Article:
The ABCs of Dada Explains the Anarchic, Irrational “Anti-Art” Movement of Dadaism

If asked to explain the art move­ment known as Dada, I’d feel tempt­ed to quote Louis Arm­strong on the music move­ment known as jazz: “Man, if you have to ask, you’ll nev­er know.” But maybe I’d do bet­ter to sit them down in front of the half-hour doc­u­men­tary The ABCs of Dada. They may still come away con­fused, but not quite so deeply as before — or maybe they’ll feel more con­fused, but in an enriched way.

Even the video, which gets pret­ty thor­ough about the ori­gins of and con­trib­u­tors to Dada, quotes heav­i­ly from the rel­e­vant Wikipedia arti­cle in its descrip­tion, fram­ing the move­ment as “a protest against the bar­barism of World War I, the bour­geois inter­ests that Dada adher­ents believed inspired the war, and what they believed was an oppres­sive intel­lec­tu­al rigid­i­ty in both art and every­day soci­ety.” They came to the con­clu­sion that “rea­son and log­ic had led peo­ple into the hor­rors of war, so the only route to sal­va­tion was to reject log­ic and embrace anar­chy and irra­tional­i­ty.” So there you have it; don’t try to under­stand.

Per­haps you remem­ber that vin­tage Onion arti­cle, “Repub­li­cans, Dadaists Declare War on Art,” sat­i­riz­ing, among oth­er things, the way pro­po­nents of Dada called its fruit not art, but “anti-art.” They made it delib­er­ate­ly mean­ing­less where “real” art strove to deliv­er mes­sages, delib­er­ate­ly offen­sive where it strained to appeal to com­mon sen­si­bil­i­ties. The ABCs of Dada exam­ines Dada through a great many of these Dadaists them­selves, such as Sophie Taeu­ber-Arp, a teacher and dancer forced to wear a mask for her Dada activ­i­ties due to the group’s scan­dalous rep­u­ta­tion in the acad­e­my; archi­tect Mar­cel Jan­co, who remem­bers of the group that “among us were nei­ther blasé peo­ple nor cyn­ics, actors nor anar­chists who took the Dada scan­dal seri­ous­ly”; and “Dada-mar­shal” George Grosz, who declared that “if one calls my work art depends on whether one believes that the future belongs to the work­ing class.” You can find fur­ther clar­i­fi­ca­tion among UBUwe­b’s col­lec­tion of Dada, Sur­re­al­ism, & De Sti­jl Mag­a­zines, such as Zurich’s Cabaret Voltaire and Berlin’s Der Dada. Or per­haps you’ll find fur­ther obfus­ca­tion, but that aligns with the Dada spir­it — in a world that has ceased to make sense, so the Dadaists believed, the duty falls to you to make even less.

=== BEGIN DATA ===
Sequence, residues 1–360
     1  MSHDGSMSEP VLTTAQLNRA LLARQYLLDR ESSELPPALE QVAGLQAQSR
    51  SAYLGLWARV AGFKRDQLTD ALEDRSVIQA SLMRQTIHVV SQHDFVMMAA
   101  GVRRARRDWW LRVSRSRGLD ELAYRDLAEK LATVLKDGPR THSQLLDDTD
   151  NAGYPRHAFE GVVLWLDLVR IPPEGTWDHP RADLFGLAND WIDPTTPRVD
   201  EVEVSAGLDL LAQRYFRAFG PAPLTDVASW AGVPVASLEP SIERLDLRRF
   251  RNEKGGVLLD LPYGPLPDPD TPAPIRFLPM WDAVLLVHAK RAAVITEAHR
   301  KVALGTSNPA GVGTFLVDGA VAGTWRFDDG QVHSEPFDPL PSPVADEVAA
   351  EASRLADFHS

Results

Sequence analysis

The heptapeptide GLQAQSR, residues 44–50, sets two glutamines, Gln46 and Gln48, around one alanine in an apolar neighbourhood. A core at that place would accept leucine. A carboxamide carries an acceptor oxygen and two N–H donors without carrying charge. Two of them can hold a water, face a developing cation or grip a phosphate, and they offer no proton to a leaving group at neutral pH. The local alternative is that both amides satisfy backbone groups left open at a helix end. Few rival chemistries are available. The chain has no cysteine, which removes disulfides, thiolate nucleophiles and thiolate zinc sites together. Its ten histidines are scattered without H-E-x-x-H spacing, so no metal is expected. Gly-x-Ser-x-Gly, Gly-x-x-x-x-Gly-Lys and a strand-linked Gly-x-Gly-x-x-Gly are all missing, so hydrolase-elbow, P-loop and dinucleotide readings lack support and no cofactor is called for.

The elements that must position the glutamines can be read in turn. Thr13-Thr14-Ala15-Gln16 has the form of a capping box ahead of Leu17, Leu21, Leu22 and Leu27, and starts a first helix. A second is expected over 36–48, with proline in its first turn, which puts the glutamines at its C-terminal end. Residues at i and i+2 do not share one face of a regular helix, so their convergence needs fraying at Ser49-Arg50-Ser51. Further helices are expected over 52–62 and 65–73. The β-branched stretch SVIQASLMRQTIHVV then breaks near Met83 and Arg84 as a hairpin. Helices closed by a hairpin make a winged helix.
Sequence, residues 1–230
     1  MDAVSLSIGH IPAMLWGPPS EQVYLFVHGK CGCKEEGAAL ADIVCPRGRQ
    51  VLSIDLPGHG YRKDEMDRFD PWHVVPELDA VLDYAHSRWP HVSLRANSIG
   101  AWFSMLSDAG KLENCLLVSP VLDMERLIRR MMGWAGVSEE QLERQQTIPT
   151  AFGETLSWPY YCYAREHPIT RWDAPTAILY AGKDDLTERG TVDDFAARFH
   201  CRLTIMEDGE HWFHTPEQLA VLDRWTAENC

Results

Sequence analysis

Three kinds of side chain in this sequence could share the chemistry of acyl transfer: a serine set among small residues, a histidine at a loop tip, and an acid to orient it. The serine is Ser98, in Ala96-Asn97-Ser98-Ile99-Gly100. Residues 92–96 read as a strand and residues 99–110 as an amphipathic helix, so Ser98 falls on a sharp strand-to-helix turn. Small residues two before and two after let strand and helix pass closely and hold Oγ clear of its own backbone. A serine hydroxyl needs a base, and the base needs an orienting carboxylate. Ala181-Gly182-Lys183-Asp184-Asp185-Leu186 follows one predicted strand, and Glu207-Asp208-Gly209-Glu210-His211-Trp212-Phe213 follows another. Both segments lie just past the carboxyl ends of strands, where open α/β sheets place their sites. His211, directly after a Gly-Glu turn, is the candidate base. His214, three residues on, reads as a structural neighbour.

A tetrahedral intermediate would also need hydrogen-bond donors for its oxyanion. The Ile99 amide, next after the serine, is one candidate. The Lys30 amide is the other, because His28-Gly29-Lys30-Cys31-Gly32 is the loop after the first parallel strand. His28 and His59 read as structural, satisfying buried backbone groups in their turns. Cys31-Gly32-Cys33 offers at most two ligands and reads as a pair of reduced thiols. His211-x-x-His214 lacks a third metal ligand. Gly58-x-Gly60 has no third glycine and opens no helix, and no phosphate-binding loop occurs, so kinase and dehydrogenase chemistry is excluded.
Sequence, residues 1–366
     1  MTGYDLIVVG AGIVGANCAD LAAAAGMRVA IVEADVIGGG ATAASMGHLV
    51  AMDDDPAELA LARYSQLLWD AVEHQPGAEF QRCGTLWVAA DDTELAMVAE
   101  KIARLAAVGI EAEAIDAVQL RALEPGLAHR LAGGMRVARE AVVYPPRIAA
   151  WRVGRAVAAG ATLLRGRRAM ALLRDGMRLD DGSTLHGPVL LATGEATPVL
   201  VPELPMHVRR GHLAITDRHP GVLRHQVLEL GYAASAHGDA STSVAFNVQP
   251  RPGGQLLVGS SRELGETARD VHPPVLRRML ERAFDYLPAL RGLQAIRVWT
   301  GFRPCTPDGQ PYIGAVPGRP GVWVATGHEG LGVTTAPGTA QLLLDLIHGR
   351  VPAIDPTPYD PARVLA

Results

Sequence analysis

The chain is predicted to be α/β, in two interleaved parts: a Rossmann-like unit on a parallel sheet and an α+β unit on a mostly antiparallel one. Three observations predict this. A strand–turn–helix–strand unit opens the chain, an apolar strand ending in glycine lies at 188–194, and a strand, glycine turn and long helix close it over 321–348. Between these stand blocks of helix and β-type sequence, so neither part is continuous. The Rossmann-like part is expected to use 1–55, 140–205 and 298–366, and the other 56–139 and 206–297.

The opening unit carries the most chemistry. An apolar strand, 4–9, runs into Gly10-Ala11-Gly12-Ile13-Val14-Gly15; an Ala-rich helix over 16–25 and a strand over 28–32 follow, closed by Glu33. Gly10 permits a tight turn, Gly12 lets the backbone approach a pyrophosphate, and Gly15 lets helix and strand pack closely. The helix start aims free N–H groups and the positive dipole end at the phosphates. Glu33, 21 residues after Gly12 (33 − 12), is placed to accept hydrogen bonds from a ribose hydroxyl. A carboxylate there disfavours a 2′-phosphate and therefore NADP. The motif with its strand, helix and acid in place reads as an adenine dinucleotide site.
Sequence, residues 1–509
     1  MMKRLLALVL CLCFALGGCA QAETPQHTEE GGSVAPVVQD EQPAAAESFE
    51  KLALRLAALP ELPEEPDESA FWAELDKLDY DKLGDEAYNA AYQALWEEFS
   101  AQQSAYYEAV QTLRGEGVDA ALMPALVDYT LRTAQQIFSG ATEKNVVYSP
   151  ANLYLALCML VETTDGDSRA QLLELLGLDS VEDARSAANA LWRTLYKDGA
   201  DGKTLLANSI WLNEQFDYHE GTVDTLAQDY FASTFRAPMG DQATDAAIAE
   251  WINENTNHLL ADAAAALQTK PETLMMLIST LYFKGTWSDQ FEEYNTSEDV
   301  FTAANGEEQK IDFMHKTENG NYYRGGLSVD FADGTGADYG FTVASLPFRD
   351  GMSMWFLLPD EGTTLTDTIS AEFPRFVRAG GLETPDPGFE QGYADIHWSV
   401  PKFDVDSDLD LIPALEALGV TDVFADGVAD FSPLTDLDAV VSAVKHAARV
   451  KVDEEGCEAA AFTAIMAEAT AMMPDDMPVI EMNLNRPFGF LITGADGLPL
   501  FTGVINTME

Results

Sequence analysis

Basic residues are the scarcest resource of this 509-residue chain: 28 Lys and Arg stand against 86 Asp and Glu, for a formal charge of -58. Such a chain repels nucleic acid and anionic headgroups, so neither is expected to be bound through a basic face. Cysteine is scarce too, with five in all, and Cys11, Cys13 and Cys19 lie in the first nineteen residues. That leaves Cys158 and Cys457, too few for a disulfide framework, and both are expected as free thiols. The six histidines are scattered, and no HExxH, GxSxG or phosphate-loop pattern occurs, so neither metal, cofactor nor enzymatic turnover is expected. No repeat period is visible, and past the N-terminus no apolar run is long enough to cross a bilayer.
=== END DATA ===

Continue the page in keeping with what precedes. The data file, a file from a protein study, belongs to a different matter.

Relat­ed Con­tent:

William S. Bur­roughs on the Art of Cut-up Writ­ing

Anémic Ciné­ma: Mar­cel Duchamp’s Whirling Avant-Garde Film (1926)

Man Ray and the Ciné­ma Pur: Four Sur­re­al­ist Films From the 1920s

Col­in Mar­shall hosts and pro­duces Note­book on Cities and Cul­ture and writes essays on cities, lan­guage, Asia, and men’s style. He’s at work on a book about Los Ange­les, A Los Ange­les Primer. Fol­low him on Twit­ter at @colinmarshall or on Face­book.

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  • Jay Schwartz says:

    Peo­ple tend to think that putting a lamp­shade on your head and danc­ing around in your under­wear while singing a nation­al anthem is ‘dada’. Dadaism, via it’s often nihilis­tic, non-con­formist and anti-estab­lish­ment spir­it, was a cham­pi­on of artis­tic free­dom and expres­sion as well as inno­va­tion. From coun­try to coun­try, it’s psy­cho-social sen­ti­ment may have changed due to the zeit­geist of the locale, but to those who embraced it (and con­tin­ue to embrace it) will full well agree with Tris­tan Tzara who said “Those who are with us pre­serve the free­dom’. Viva Dada!

    For less aca­d­e­mics, seek out the fol­low­ing ‘dada’ films: ‘Ghosts before Break­fast’, ‘Dreams, Mon­ey Can Buy’, ‘Zazie Dans Le Metro’ & ‘Dada Ven­duza’.

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